A group of Michigan high school students sparked outrage when they joined a TikTok movement, creating a video of police brutality inspired by and seemingly mocking the death of George Floyd.
“I can’t believe the kids are doing this,” parent Jaimie Nasceif told the local outlet. Fox 2 Detroit. “I think that’s ridiculous and completely unacceptable.”
According to Fox 2, the video was recorded during an off-campus breakfast in August for Stevenson High School football players.
In the video, reposted on Instagram earlier this week by @metrodetroitnarc, white 9th graders wearing soccer jerseys stand in a circle on the outdoor field. They surrounded a Black student, who was kneeling on the ground. The Black student wears all black clothing, except for a cloth that acts as a blindfold, and he puts his hands behind his back as if he were being caught. The white students pointed their water guns at him.
“I dare you to shoot him,” said one of the white students.
The white student shouted what sounded like a gunshot and told the black student to fall to the ground. One of the students even pushed him as a signal to fall.
“Shoot him in the head,” said one student after the Negro hit the ground.
Then the circle of boys pretended to stomp and kick him while laughing. One of the white teammates told the black student to “go back to Africa.”
In a separate clip, the white stone players with water guns approach a Black teammate outside. (It is unclear if he is the same footballer in the previous scenario.) They shouted at him to “stop resisting” while pointing their guns. Then one of the white students ends the mock arrest by confronting the black child.
At the end of the video, someone in the group mentions George Floyd.
After the video went viral on social media, Stevenson High School Principal Kenneth L. Cucchi III told parents it was inspired by a TikTok Trends “Based on the tragic death of George Floyd,” Detroit Metro Times reported.
“The school is investigating this incident to ensure that no other unacceptable behavior has occurred other than this video,” the principal said, according to the statement. Times. “Preliminary disciplinary measures have been taken and the ongoing investigation will determine the final consequences.”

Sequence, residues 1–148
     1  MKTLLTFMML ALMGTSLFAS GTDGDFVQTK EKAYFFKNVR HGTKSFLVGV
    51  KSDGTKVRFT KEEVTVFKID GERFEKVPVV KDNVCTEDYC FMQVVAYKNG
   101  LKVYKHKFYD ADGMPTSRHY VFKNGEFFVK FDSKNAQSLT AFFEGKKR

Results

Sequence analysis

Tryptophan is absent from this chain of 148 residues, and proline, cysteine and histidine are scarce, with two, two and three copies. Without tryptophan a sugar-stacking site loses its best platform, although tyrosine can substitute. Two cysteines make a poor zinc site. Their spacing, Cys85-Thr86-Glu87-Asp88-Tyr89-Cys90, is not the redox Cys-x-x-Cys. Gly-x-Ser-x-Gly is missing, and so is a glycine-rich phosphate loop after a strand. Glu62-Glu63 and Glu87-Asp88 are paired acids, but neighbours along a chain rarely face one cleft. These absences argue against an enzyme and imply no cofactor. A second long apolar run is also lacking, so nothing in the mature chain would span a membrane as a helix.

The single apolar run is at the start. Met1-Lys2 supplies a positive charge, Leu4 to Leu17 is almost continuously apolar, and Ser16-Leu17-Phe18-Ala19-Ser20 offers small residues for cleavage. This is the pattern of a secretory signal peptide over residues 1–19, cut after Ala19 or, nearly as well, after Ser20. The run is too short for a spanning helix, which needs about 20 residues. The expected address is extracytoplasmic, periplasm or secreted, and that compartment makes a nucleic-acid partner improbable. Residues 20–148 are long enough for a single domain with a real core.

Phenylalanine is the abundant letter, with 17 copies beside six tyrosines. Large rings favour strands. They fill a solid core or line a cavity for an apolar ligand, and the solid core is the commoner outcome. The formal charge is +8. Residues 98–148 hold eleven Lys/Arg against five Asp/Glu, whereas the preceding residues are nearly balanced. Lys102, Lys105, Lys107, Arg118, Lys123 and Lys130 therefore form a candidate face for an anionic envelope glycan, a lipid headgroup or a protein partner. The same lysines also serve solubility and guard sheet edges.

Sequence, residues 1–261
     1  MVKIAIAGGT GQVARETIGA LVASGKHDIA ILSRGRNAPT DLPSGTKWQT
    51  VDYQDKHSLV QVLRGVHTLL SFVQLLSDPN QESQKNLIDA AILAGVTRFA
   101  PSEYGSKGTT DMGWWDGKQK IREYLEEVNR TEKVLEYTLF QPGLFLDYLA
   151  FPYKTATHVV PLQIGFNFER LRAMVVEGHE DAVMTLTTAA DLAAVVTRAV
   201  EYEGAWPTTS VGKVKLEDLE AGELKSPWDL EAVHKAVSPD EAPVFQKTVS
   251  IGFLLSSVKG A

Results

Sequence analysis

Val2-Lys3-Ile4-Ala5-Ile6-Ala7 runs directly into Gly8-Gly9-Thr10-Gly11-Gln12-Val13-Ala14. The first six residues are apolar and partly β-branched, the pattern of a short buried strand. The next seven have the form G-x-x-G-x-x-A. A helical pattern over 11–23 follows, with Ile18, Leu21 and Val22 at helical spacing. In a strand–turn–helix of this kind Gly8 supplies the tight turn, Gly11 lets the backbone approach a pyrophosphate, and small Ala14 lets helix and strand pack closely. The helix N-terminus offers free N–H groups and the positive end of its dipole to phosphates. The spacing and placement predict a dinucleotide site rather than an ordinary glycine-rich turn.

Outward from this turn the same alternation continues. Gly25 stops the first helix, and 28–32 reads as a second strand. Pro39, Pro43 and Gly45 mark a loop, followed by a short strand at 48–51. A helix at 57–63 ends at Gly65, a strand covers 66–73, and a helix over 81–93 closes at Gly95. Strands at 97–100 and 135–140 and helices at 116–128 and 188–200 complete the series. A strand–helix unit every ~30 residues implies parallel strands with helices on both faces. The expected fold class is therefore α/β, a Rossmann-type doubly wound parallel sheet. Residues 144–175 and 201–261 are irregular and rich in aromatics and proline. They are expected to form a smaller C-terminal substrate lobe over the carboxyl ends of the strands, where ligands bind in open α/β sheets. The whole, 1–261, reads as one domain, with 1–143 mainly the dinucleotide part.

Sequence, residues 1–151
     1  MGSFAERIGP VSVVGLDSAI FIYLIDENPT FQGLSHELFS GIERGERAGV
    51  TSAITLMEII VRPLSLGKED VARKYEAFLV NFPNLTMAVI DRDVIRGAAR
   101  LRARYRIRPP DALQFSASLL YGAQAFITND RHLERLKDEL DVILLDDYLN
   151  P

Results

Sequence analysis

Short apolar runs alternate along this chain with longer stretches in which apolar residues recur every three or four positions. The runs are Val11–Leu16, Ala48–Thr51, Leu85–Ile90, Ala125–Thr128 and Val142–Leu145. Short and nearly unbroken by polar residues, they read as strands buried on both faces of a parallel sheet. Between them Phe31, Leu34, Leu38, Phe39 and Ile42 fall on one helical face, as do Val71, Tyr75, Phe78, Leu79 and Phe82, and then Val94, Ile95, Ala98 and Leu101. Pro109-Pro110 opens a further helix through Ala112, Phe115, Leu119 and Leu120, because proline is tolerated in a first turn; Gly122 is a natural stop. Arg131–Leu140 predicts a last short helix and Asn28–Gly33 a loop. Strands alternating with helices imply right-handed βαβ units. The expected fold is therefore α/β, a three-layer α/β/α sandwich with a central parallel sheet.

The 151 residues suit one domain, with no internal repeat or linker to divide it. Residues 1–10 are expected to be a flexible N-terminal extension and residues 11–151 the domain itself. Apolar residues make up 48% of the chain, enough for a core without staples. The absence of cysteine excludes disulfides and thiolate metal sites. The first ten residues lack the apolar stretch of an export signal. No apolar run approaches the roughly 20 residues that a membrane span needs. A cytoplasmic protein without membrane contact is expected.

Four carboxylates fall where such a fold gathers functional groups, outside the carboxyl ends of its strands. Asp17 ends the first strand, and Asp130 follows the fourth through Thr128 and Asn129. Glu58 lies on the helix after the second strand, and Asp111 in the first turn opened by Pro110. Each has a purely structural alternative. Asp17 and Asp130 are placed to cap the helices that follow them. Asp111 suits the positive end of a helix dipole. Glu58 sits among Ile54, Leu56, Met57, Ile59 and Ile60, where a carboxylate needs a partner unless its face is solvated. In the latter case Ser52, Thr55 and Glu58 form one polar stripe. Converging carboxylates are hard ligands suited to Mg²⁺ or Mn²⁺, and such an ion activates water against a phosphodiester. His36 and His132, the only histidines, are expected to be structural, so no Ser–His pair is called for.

Follow TimesCucchi also said the school will use the video to teach other students about offensive content on social media.
“In the event that a diverse group of concerned students make the wrong choice – regardless of whether their stated purpose is not to intentionally harm or oppose others – the school will use it to help students understand why this is offensive and harmful to the fabric of our community,” he said.
This is not the first time Stevenson High School has been accused of discrimination.
Maya Hunko, a student whose brother plays on the soccer team, said the school is diverse but doesn’t “focus on cultural awareness,” Fox 2 reported.
Anthony Maharidge, a student at the school, started a online recommendations more than a year ago, held Stevenson and the Utica School District accountable for the “homophobia, agoraphobia, alienation, and racism” prevalent in the community.
“I shouldn’t feel judged in the hall every day. I’m sure many other minorities in the school/district feel the same way,” Maharidge wrote on the petition, which has received nearly 500 signatures.
In a statement, Utica Public Schools said the actions in the George Floyd-inspired video were inconsistent with its values.
“The images and messages in the video have no place in our community,” the statement read. “Although the event took place off-campus, student behaviors are expected to model our community values and the school’s code of conduct.”
The statement added that appropriate action has been taken and the district has opened an investigation.
“Continued discussions with coaches and adults involved to ensure that there is proper supervision at sponsored and unsponsored events involving sports teams, other students and staff,” the statement read. “Stevenson High School remains committed to creating a positive environment that respects all people and reflects our community values.”